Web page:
Globally, 1.8 million deaths are caused by lung cancer annually. Tobacco smoking is the most common cause of lung cancer, causing roughly 1.2 million lung cancer deaths every year. Smokers are up to 22 times more likely to develop lung cancer in their lifetime, compared with non-smokers. Non-smokers exposed to second-hand smoke at home or in the workplace have a 30% higher risk of developing lung cancer. After 10 years free of tobacco, the risk of lung cancer is reduced to about half that of a smoker.


Asthma is a chronic disease of the air passages to the lungs, which causes inflammation and recurrent attacks of breathlessness and wheezing. WHO estimates that 235 million people currently suffer from asthma. Inhaling tobacco smoke is one of the major triggers for asthma to develop and/or worsen. In people living with asthma, tobacco smoking further restricts activity, contributes to work disability and increases the risk of severe asthma requiring emergency care. Around one in nine asthma deaths can be attributed to tobacco smoking. Patients with asthma can control their asthma more effectively if asthma they quit tobacco. School-aged children of smokers are at risk of developing asthma and/or their asthma getting worse. Childhood asthma is irreversible and contributes to missed school-days, disrupted sleep and restricted play.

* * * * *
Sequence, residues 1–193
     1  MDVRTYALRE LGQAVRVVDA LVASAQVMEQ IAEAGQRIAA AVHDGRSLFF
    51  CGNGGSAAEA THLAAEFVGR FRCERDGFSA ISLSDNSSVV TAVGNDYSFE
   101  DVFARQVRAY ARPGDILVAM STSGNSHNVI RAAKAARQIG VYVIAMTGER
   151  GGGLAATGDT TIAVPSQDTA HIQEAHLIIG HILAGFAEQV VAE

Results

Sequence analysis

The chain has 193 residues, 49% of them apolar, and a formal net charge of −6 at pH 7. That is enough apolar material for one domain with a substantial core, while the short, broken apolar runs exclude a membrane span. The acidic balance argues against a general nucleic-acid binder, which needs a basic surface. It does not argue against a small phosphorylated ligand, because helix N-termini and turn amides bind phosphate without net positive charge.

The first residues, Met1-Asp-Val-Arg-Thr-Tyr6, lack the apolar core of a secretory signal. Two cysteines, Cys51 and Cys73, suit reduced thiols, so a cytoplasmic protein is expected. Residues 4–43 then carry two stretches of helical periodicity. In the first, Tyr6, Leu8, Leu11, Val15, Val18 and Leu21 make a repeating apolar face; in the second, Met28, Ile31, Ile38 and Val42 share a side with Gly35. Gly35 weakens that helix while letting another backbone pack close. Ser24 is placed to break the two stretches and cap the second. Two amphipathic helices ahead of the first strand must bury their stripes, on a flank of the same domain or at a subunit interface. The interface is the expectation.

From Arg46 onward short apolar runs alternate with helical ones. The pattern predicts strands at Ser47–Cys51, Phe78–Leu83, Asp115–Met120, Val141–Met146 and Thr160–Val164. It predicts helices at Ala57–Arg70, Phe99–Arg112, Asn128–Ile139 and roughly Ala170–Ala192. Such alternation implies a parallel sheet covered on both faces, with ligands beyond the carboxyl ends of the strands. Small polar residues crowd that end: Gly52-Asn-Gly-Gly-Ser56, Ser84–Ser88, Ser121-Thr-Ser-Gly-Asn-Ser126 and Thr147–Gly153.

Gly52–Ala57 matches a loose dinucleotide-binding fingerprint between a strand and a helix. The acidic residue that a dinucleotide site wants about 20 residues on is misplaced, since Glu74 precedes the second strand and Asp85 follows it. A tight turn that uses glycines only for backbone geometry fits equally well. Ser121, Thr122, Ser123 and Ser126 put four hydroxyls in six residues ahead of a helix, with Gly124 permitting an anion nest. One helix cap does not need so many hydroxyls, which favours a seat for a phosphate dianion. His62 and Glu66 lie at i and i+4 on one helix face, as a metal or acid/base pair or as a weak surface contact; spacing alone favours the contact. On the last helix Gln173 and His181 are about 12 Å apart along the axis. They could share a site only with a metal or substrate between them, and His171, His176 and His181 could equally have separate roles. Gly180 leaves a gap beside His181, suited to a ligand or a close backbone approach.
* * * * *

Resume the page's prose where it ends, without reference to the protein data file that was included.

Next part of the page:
4. TB

TB is the top infectious killer in the world. In 2017, 1.6 million people lost their lives because of TB, and 10 million people fell ill with the disease. The bacterium that causes TB (M. tuberculosis) enters the body and establishes an infection. However, this infection does not necessarily develop into active disease – a state called latent TB infection. Latent TB may develop into active disease at any time, particularly when the immune system is weakened. About one quarter of the world’s population has latent TB, placing them at risk of developing the active disease. Tobacco smoking more than doubles the risk of transforming TB from a latent state to the active disease

It’s Never Too Late To Quit

Quitting tobacco use has the potential to reverse some, but not all, of the damage done by tobacco smoke to the lungs. Quitting as soon as possible is therefore essential to prevent the onset of chronic lung disease, which is potentially irreversible once it has developed. Lung function improves within just two weeks of quitting tobacco use. Quitting smoking after a diagnosis of lung disease is associated with better treatment outcomes and improved quality of life.